420HC martensitic steel belongs to the 420 steel series. It’s stainless, and the HC in its name indicates its high carbon content. This steel ranks high in the low-end stainless steels with great qualities that make it popular among knife makers and users.
The 420HC is an evolved old 420 steel that is heat-treatable to a max of 59HRC hardness levels. Most manufacturers keep it at 55HRC to avoid the brittleness that comes with high hardness. You will find this steel in cutlery, surgical tools, needle valves, scissors, and many other applications.
This reliable yet low-cost steel has been in use for many years by big brands like Kershaw, Gerber, and Buck. Let’s go through an overview of 420HC steel below for you to decide better if it’s a worthy buy.
At A Glance
420HC combines high performance and affordability. Of course, you shouldn’t expect the same performance as premium steels from entry-level steels like 420HC. There are compromises you will put up with, like poor edge retention, but 420HC compensates with great sharpenability. Other strengths of this steel include excellent corrosion resistance, decent toughness, and outstanding wear and tear resistance.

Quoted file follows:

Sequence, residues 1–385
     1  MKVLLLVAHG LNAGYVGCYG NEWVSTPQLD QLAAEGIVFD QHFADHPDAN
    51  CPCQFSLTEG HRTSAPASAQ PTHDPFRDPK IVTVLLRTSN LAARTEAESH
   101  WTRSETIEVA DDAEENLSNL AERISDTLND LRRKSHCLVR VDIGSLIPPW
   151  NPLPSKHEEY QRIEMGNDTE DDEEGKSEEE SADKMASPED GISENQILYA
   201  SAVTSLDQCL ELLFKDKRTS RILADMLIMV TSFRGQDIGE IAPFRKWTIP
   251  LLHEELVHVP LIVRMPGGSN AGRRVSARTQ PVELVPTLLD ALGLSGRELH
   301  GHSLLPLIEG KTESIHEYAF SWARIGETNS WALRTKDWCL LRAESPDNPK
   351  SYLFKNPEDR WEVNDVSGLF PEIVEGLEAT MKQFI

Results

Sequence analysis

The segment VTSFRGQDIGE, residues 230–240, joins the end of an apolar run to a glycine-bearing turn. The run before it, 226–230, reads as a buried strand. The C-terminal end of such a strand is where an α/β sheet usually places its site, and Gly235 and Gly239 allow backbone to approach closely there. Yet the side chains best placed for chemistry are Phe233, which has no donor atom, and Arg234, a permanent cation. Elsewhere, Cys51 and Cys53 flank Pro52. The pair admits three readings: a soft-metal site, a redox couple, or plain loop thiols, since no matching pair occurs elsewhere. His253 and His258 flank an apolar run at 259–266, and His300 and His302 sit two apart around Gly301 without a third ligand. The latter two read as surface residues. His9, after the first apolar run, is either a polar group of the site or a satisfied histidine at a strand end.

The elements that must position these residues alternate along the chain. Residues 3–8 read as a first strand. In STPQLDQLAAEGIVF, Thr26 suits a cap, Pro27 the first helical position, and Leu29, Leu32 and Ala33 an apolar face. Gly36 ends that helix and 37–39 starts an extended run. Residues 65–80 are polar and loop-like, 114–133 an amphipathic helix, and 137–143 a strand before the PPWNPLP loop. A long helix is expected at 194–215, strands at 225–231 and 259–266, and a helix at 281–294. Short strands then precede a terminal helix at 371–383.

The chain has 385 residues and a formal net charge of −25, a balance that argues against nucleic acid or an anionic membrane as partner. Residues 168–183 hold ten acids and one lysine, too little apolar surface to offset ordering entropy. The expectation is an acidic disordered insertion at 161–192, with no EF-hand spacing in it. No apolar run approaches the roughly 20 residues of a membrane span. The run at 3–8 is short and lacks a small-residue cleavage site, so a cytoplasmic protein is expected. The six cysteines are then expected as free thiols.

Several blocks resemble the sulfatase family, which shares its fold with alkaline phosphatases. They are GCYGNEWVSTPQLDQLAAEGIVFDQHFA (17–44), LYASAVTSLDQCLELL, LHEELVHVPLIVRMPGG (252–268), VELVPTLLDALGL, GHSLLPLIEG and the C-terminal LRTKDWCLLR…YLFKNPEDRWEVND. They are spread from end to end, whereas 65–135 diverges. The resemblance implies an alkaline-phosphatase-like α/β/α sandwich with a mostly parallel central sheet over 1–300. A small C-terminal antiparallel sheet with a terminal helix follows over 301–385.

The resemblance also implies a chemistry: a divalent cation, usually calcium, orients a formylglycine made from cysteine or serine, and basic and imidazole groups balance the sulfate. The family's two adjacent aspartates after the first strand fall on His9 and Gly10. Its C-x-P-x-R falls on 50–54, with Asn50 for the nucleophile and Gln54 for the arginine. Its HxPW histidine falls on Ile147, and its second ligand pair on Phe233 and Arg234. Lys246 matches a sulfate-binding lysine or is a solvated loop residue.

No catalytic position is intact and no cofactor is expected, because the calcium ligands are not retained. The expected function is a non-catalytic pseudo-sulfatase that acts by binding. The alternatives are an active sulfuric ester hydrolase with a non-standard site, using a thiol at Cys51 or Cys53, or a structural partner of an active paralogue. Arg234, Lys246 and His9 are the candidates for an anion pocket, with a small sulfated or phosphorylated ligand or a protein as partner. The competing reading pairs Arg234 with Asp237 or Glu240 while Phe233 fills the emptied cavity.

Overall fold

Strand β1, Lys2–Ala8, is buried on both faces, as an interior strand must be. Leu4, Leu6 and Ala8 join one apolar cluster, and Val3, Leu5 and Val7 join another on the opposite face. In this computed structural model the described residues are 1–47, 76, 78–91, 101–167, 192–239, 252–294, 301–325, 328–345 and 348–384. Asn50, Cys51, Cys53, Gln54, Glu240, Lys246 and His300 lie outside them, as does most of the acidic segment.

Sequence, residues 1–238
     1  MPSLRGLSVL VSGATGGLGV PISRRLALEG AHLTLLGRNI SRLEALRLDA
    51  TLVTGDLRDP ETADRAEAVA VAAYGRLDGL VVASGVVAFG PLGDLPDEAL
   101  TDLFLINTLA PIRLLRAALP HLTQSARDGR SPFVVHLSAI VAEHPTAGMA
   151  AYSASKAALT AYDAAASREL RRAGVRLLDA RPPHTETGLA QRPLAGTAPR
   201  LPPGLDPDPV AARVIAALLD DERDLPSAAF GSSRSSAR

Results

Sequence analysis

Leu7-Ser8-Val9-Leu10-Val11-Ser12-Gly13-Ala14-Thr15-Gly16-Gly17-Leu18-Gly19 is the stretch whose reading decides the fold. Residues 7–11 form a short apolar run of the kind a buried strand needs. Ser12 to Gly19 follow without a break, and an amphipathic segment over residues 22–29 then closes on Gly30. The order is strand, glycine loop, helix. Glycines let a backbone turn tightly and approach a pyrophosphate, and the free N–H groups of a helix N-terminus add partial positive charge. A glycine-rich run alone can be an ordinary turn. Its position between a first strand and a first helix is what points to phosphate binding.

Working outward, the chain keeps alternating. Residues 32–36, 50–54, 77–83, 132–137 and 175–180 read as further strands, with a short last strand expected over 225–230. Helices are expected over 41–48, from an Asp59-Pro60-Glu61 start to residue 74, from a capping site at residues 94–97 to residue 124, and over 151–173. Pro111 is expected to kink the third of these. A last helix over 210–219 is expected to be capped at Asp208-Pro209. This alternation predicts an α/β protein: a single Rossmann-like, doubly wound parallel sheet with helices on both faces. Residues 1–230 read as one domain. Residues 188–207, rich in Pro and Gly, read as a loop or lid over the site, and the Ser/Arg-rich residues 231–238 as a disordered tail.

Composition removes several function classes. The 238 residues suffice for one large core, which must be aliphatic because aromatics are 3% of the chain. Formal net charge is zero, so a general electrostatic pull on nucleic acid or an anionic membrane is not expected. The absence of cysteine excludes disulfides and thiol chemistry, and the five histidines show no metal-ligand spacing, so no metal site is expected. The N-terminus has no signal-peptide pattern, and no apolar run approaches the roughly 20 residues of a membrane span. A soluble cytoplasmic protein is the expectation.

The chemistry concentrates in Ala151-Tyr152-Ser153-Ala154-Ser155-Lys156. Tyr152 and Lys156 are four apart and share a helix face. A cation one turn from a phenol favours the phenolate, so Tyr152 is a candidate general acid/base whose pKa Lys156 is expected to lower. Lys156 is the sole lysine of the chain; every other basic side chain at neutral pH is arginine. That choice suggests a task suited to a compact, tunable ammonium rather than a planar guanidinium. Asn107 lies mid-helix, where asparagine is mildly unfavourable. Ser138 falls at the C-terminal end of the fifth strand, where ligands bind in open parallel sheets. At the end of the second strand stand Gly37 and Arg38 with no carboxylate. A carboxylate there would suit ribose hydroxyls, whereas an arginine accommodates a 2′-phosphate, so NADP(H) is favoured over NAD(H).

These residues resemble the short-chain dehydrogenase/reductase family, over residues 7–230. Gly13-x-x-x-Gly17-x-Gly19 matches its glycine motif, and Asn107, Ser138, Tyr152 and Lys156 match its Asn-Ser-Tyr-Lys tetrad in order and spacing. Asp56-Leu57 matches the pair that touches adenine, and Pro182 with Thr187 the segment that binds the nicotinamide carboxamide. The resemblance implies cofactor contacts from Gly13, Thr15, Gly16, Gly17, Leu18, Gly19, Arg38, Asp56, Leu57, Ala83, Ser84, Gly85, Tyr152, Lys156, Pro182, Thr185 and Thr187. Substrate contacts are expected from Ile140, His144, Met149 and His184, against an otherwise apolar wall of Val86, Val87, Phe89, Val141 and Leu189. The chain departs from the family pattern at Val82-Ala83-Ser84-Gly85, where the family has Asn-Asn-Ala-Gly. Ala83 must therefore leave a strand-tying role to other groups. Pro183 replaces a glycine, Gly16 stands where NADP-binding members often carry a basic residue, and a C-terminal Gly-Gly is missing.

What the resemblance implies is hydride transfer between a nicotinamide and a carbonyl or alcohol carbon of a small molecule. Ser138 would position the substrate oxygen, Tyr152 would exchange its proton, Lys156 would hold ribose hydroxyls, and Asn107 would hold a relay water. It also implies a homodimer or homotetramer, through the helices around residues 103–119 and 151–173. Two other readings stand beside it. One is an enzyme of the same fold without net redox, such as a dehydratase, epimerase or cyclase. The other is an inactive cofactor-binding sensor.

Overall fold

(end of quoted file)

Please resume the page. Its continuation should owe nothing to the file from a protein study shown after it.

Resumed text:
- Very easy to sharpen
- Very affordable
- High anti-corrosion
- Average hardness (55-59 HRC)
- Decent toughness
- Poor edge retention
- Relatively soft
420HC Chemical Composition
- Chromium, 13%: More than 12% Chromium makes this steel stainless and is responsible for excellent anti-corrosion, tensile strength, and edge retention.
- Carbon, 0.4-0.5%: Carbon hardens steel to make it wear and corrosion-resistant. The 0.4-0.5% in 420HC steel keeps it hard without being brittle.
- Silicon, 0.4%: Improves the strength of this steel.
- Manganese, 0.4%: Manganese boosts the hardness of steel.
- Vanadium at 0.3%: Increases the 420HC steel’s hardness and resistance to wear and tear.
Physical Properties of 420HC
The 420HC steel has a hardness range of 55-59 HRC on the Rockwell HRC scale. Of course, the heat treatment process determines the exact hardness of a specific blade, but most have a standard hardness of 55HRC.
At 55HRC hardness, 420HC is relatively softer than other high carbon steels in the 420 series. And as usual, soft steel has decent toughness. Expect this steel to hold to abuse well without chipping. High toughness has made 420HC the knife steel of choice by big brands like Bucks and Gerber for many years.
Poor Edge Retention
As stated above, 420HC steel lacks the hardness to hold an edge for long. The carbon and vanadium low compositions result in insufficient carbides that yield high hardness and stabilize edges to keep them sharp. While working with a 420HC blade, have a sharpening tool close by as you will need it often.
Impressive Corrosion Resistance
420HC steel excels well in resisting corrosion thanks to its high chromium content. It’s a significant property that maintains this steel’s popularity among manufacturers and users. But, it doesn’t mean 420HC is rustproof. You need to take some good care to keep it in shape always.
Great Ease of Sharpening